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  • Writer's pictureSimon Harrison

Stopping Distances

What is stopping distance?

Stopping distance is the time that it takes to bring a moving car to a complete stop. This includes the time it takes you to react to the hazard (thinking distance), and the time it takes for the brakes to stop the car (braking distance)

You can calculate it with this stopping distance formula:

Stopping distance = thinking distance + braking distance

When driving, you should leave enough clear distance in front of you to be able to come to a stop. This is in case the traffic suddenly slows down, causing you to brake. We can achieve this by following the 2 second rule

However, stopping distances vary depending on factors like the weather and your driving speed.

Stopping distances

Stopping distances include the distance travelled while the driver notices a hazard and applies the brakes (thinking distance), and while the vehicle comes to a full stop from its initial speed (braking distance). The government’s official estimates of stopping distances for cars are shown below. SpeedThinking + braking distanceStopping distance20mph6m + 6m12m (40 feet)30mph9m + 14m23m (75 feet)40mph12m + 24m36m (118 feet)50mph15m + 38m53m (174 feet)60mph18m + 55m73m (240 feet)70mph21m + 75m96m (315 feet)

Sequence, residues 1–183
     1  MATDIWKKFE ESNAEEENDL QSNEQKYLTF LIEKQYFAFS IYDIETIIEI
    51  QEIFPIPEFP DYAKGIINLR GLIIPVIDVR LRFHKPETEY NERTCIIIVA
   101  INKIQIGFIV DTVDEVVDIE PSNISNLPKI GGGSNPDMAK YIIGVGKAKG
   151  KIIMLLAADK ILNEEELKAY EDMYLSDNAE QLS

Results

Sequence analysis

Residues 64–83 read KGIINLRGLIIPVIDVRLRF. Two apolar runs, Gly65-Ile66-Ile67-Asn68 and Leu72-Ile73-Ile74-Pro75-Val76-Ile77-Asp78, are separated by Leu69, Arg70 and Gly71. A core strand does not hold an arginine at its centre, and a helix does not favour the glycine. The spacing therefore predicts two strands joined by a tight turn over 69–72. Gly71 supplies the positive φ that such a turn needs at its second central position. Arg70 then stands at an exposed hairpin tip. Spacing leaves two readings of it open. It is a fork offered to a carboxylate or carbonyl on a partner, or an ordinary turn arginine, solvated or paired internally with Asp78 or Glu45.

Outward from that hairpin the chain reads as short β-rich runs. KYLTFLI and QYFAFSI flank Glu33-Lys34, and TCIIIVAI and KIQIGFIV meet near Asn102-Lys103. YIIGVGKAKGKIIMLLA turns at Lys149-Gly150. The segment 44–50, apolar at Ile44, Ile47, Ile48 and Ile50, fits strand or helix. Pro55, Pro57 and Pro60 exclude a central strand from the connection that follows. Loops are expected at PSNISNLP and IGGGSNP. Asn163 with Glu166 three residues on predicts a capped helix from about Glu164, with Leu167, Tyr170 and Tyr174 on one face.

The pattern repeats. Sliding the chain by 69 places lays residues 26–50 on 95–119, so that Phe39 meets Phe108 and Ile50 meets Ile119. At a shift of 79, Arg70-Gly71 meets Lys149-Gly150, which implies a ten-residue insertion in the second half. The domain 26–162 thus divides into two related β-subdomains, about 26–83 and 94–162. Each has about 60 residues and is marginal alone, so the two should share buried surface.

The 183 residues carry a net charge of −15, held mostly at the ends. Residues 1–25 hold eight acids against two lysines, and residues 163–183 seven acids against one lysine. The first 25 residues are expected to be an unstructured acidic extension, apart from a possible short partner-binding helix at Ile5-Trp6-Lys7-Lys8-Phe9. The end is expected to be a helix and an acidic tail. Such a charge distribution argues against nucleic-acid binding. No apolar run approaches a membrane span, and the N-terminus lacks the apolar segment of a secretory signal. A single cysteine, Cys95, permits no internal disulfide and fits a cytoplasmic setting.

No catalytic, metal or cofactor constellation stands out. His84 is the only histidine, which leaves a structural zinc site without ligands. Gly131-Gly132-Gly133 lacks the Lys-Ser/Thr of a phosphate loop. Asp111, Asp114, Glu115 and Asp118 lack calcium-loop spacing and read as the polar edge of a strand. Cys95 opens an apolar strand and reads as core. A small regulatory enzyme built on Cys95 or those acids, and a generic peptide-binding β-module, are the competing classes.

The distances above are based on a reaction time of 0.67 seconds, which assumes the driver is alert, concentrating and not impaired. Driving when tired, distracted or impaired significantly increases reaction times, so the thinking distances above should be regarded as minimums.

The braking distance depends on how fast the vehicle was travelling before the brakes were applied, and is proportional to the square of the initial speed. That means even small increases in speed mean significantly longer braking distances. Braking distances are much longer for larger and heavier vehicles, and in wet or icy conditions, so again these figures are a minimum.

Technology such as anti-lock brakes and stability control are designed to enable greater control over the vehicle, not shorten stopping distances. There may be a very small reduction in braking distance with modern technology, but not enough to significantly affect your overall stopping distance.

Whatever technology a vehicle has, the basic fact remains that the faster you drive, the longer your stopping distance, and therefore the less chance you have of stopping in time in an emergency.

If you are interested in learning to drive then please call Simon at 4front Driving School on 07905657229

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